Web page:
From the financial standpoint, deploying a commercial solar system is almost always a good decision in Australia. Since local electricity is expensive, and solar systems are affordable and long-lasting, an attractive return on investment is guaranteed. You just have to make sure the photovoltaic system uses high quality components covered by warranties, and get in touch with a qualified solar installer.
However, even when the business case for solar power is so favorable in Australia, there are factors that prevent its use in some properties. The following are some of the main issues that hold back homeowners and businesses who are considering solar power:
Although solar power systems are much more affordable than one decade ago, the upfront investment can still be out of reach for some homeowners and companies.
Even if the capital for a solar system is available, homeowners and businesses may be unwilling to spend the full amount at once. For example, a residential user may be budgeting an air conditioning upgrade first, and a company may be considering a new piece of equipment that increases manufacturing productivity.
When capital is a limitation to deploy solar power, a Power Purchase Agreement (PPA) is a great alternative.
An added benefit of a solar PPA is that you get maintenance from experts for the entire term of the contract. If any piece of equipment must be replaced and there are warranty claims, the PPA provider takes responsibility.
If you rent an apartment or a commercial space, there is little incentive to upgrade the property because it doesn’t belong to you. Although you may get authorisation from the landlord to install a rooftop solar system, this is only a viable option if you plan to rent the same property for a long time. If you change your mind and wish to relocate, you have to dismount and take the solar system with you, or you must convince the owner to purchase it.
There are also viable solutions in this case, but the best approach changes depending on how you are billed for electricity:
If you are metered and billed directly by an electricity retailer, you can consider a concept called community solar power, where you reduce power bills with electricity from a solar system installed somewhere else. The purchasing options are the same as when you deploy a solar system directly on your property: paying to own a portion of the community solar system, or paying for cheaper electricity through a PPA.
If you are sub-metered, the landlord can deploy a solar system to reduce the total power bill, and then a portion of the savings can be passed on to tenants. With this approach, just keep in mind that the property owner must agree first – a solar PPA can be an attractive option, since the upfront investment is zero, and electricity savings from common areas benefit the owner.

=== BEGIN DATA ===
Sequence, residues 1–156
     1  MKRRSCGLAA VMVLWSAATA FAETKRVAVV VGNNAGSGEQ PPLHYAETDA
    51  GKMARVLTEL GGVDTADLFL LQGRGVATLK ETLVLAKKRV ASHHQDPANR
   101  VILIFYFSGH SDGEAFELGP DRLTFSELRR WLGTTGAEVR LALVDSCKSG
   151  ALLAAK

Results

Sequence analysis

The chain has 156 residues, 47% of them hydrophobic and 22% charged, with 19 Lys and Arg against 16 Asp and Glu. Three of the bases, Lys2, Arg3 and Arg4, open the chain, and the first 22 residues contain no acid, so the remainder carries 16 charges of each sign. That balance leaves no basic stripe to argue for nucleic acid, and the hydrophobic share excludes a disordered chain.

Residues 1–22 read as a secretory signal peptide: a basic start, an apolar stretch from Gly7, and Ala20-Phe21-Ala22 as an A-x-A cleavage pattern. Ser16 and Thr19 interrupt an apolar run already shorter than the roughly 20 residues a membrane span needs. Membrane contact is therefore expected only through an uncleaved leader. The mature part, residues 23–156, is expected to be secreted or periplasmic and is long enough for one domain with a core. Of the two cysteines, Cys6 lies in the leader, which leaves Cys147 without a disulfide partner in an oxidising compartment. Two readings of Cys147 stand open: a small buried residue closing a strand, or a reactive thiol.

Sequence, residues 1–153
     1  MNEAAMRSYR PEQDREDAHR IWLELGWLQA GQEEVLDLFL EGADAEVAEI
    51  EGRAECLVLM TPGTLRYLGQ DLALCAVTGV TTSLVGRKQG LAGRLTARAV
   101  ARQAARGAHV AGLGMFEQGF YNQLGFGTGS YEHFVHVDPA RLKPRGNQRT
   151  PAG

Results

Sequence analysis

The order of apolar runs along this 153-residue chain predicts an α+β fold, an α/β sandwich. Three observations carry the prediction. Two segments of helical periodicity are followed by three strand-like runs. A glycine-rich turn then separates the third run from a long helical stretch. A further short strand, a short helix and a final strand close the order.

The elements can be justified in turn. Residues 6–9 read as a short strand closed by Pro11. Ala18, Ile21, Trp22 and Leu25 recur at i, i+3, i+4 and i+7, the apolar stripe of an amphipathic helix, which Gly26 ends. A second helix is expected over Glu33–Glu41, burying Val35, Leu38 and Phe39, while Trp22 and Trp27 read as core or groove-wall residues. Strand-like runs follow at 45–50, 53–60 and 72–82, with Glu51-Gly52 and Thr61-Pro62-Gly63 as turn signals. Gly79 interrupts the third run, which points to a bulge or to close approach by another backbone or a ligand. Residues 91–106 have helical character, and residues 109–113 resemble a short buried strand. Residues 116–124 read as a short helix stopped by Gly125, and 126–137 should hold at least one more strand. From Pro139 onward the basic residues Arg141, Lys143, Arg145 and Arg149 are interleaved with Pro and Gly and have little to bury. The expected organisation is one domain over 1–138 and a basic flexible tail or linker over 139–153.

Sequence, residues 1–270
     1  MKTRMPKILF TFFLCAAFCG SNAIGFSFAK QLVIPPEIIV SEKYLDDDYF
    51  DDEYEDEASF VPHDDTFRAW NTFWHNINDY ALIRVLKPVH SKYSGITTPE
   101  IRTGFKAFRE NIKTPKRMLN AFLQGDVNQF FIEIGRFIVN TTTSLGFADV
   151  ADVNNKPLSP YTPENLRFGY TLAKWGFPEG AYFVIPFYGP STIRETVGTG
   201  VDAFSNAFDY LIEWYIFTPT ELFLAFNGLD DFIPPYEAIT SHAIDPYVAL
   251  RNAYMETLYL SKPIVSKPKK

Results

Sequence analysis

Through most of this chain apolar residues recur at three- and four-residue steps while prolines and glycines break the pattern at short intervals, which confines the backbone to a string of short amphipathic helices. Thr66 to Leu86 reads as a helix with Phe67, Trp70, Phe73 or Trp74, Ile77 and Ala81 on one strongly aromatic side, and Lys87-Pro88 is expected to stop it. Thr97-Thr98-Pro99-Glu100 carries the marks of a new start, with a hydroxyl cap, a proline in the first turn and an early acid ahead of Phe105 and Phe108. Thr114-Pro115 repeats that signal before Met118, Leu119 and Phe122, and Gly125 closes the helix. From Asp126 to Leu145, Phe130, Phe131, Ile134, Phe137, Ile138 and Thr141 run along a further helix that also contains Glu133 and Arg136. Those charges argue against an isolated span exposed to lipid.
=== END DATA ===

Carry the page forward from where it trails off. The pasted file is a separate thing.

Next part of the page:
There are also cases where electricity consumers cannot deploy solar power simply because there is no space. This is a common limitation for apartments owners in multifamily constructions, who normally have more apartments above, or a shared rooftop that cannot be used for solar panels. Businesses may also face this limitation if they purchase a commercial space with no individual rooftop area.
The community solar power approach is also viable in this case: since there is no rooftop area available for a solar system, electricity consumers can use the energy output of a photovoltaic array located somewhere else. Depending on their preference, they can purchase a share of a community solar project, or they can sign a Power Purchase Agreement (PPA).
Some electricity consumers have another limitation: the space for solar panels is available, but the project cannot proceed due to site conditions. For example, some old roofs use brittle fiber-cement shingles, which can easily break during the installation of a solar system. Other properties have adequate roof structures for solar panels, but are constantly covered by the shadows of nearby buildings or natural obstacles.
When the area for solar panels is available, it may be possible to fix site conditions limiting their installation.
In cases where the obstacles casting shadows are impossible to remove, you can follow the same approach as renters and property owners with no rooftop – purchasing electricity from a solar array located somewhere else.